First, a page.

Cognitive function and participation in children and youth with mild traumatic brain injury two years after injury
Brain Injury , Volume 32 - Issue 2 p. 230- 241
Background: 10–20% of children and youth with mild traumatic brain injury (mTBI) suffer from long-term cognitive impairments with, supposedly, a negative impact on most domains of functioning. Objectives: To describe cognitive functioning and participation in children and youth two-years post-mTBI and to determine associated risk factors. Methods: Cross-sectional study among 73 patients (aged 6–22 years), hospital diagnosed with mTBI. Linear regression modelling was used to investigate the effect of potential predictors on cognitive functioning as measured with a neuropsychological assessment (NPA), two-years post-injury. Extent of participation was assessed using the Child and Adolescent Scale of Participation and correlation analysis was conducted to examine its association with level of cognitive functioning. Results: 7–15% of all participants had impaired cognitive functions, especially in the domains of processing speed, inhibitory control, cognitive flexibility, visuospatial constructional ability and visuospatial memory. Lower level of education and pre-injury cognitive problems were predictive for a lower level of long-term cognitive functioning. Slower inhibition speed, impaired visuospatial and verbal working memory were associated with reduced participation. Discussion and conclusions: Persisting cognitive problems two years after mTBI were mostly related to the lower level of education and to pre-injury cognitive problems. Although participation of the patients was reported by parents to be relatively high, slower inhibition speed, impaired visuospatial and verbal working memory were associated with reduced participation.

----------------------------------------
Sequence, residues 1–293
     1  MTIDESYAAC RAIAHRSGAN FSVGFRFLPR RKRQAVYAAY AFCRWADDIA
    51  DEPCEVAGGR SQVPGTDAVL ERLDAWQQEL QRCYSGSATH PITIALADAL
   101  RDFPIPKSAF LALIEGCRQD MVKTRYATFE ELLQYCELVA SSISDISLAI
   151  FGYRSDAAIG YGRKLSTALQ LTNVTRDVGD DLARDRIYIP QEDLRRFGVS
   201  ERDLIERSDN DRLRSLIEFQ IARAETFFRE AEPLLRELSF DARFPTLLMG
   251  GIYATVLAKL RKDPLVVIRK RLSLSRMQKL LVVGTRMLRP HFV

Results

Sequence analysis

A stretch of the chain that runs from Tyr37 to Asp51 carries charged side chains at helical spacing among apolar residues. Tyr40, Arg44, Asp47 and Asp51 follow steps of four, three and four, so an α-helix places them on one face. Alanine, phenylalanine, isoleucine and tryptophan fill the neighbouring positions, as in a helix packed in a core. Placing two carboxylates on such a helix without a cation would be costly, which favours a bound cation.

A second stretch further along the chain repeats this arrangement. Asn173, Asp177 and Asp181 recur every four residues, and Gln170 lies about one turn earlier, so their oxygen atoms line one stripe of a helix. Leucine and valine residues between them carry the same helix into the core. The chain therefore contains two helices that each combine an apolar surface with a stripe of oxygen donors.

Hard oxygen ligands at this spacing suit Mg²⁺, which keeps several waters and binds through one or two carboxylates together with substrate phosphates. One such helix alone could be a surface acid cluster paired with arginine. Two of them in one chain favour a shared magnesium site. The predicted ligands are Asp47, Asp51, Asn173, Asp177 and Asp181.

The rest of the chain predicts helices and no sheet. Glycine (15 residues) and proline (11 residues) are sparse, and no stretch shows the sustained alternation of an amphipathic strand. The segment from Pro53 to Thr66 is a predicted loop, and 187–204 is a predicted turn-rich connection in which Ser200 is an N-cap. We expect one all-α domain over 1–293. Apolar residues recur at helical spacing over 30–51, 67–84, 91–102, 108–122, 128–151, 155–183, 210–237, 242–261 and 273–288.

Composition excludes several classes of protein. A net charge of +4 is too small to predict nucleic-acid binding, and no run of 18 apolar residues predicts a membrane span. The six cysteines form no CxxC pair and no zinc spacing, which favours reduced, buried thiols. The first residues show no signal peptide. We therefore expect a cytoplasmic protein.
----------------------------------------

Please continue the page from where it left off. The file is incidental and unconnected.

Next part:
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|Organisation||Erasmus MC: University Medical Center Rotterdam|
Lambregts, S.A.M, Smetsers, J.E.M. (J. E.M.), Verhoeven, I.M.A.J. (I. M.A.J.), de Kloet, A.J, van de Port, I.G.L, Ribbers, G.M, & Catsman-Berrevoets, C.E. (2018). Cognitive function and participation in children and youth with mild traumatic brain injury two years after injury. Brain Injury, 32(2), 230–241. doi:10.1080/02699052.2017.1406990